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replacement

Pronunciation: /rɪˈpleɪsmənt/

Translation of replacement in Spanish:

noun/nombre

  • 1.1 uncountable/no numerable (act) sustitución (feminine), reemplazo (masculine) (before noun/delante del nombre) replacement value [Finance] valor (masculine) de reposición
    Example sentences
    • In spite of three hip replacements, Adams manages to visit his local pub to play piquet most evenings and continues to write.
    • Private patients regularly skip the queue to obtain private treatment in public hospitals for elective operations such as cataracts, hip replacements and heart bypass operations.
    • His choreographic style has influenced twentieth century dance but the pendulum shows signs of swinging away from hyper-extensions - and multiple hip replacements.
    1.2 countable/numerable (person) sustituto, (masculine, feminine) we're looking for a replacement for Helen estamos buscando un sustituto para Helen, estamos buscando a alguien para sustituir or reemplazar a Helen 1.3 countable/numerable (object) I'll buy you a replacement te compraré uno nuevo, te compraré otro (before noun/delante del nombre) [doors/windows] modular replacement parts repuestos (masculine plural), piezas (feminine plural) de recambio or de repuesto, refacciones (feminine plural) (Mexico/México)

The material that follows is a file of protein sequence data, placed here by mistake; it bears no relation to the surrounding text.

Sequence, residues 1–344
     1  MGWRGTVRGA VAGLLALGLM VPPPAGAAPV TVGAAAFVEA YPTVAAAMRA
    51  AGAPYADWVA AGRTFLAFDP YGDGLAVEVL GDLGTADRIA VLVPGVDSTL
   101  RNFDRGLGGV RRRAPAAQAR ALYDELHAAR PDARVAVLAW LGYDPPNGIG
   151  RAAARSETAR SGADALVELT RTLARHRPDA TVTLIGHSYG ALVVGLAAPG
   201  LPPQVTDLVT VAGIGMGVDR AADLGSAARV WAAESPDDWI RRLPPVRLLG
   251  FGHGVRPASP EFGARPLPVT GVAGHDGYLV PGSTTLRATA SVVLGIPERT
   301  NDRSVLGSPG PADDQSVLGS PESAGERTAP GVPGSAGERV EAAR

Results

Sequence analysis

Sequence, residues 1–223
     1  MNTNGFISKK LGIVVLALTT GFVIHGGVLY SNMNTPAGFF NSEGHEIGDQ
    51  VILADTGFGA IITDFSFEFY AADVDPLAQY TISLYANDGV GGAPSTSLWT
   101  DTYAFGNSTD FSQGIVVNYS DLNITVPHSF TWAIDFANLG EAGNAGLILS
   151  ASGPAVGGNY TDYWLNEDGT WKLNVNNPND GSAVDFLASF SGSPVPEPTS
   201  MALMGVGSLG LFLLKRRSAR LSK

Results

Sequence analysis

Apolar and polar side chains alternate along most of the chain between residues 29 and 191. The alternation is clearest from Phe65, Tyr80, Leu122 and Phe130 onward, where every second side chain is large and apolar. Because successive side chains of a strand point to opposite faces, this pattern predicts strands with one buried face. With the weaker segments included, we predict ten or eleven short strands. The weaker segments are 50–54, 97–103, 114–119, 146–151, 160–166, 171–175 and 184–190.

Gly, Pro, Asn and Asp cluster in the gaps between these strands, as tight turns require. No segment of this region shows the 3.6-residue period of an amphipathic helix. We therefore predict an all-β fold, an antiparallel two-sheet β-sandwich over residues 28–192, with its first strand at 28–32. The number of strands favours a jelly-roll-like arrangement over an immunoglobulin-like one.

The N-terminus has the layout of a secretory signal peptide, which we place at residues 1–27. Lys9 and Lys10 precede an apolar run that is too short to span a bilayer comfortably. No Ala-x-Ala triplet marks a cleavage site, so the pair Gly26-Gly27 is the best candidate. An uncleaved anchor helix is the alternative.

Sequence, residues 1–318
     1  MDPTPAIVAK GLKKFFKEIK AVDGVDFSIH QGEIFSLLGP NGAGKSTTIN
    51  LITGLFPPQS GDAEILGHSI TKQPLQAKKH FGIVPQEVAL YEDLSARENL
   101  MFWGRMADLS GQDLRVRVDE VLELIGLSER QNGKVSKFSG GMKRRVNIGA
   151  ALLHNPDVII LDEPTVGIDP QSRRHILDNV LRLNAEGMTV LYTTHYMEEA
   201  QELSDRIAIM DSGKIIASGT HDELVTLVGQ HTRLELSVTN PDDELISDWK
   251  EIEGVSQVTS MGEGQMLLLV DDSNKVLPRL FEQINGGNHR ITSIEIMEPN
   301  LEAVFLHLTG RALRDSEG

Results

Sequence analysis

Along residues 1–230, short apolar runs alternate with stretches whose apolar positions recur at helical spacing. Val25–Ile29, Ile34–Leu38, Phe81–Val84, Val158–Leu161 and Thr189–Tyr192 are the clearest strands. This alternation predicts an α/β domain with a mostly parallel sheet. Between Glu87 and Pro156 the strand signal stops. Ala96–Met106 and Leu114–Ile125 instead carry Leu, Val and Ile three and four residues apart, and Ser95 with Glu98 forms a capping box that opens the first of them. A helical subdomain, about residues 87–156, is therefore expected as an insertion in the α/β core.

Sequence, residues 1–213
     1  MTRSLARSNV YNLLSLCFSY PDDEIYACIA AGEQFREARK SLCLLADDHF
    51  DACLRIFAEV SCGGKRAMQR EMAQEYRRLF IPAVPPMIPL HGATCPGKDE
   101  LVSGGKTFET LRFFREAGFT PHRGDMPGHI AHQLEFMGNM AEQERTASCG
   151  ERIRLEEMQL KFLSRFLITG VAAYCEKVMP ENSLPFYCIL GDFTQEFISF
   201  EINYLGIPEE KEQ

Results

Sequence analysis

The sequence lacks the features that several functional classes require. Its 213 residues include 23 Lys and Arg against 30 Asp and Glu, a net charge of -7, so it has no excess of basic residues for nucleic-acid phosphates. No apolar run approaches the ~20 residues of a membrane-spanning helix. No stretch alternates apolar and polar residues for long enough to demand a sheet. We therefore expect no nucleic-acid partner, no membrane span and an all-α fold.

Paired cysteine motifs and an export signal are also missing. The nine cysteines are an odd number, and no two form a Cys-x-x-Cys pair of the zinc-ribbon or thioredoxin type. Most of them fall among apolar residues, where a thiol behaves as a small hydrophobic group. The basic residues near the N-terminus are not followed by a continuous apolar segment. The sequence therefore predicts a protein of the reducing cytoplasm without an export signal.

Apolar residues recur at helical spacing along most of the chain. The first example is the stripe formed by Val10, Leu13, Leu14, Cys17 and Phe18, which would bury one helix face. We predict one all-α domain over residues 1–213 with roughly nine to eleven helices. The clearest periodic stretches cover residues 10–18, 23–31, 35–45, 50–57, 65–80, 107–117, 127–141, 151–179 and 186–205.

Example sentences
    • What is an understudy or replacement to do when he takes over a role vacated by a star?
    • The range covers the full spectrum from ultraportable to desktop replacement, hitting all price points along the way.
    • Other cousins, replacements for my Polish uncles, stood around the keg with cups of beer.

Definition of replacement in:

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Cultural fact of the day

The current Spanish Constitution (Constitución Española) was approved in the Cortes Generales in December 1978. It describes Spain as a parliamentary monarchy, gives sovereign power to the people through universal suffrage, recognizes the plurality of religions, and transfers responsibility for defense from the armed forces to the government. The Constitution was generally well received, except in the Basque Country, whose desire for independence it did not satisfy. It is considered to have facilitated the successful transition from dictatorship to democracy.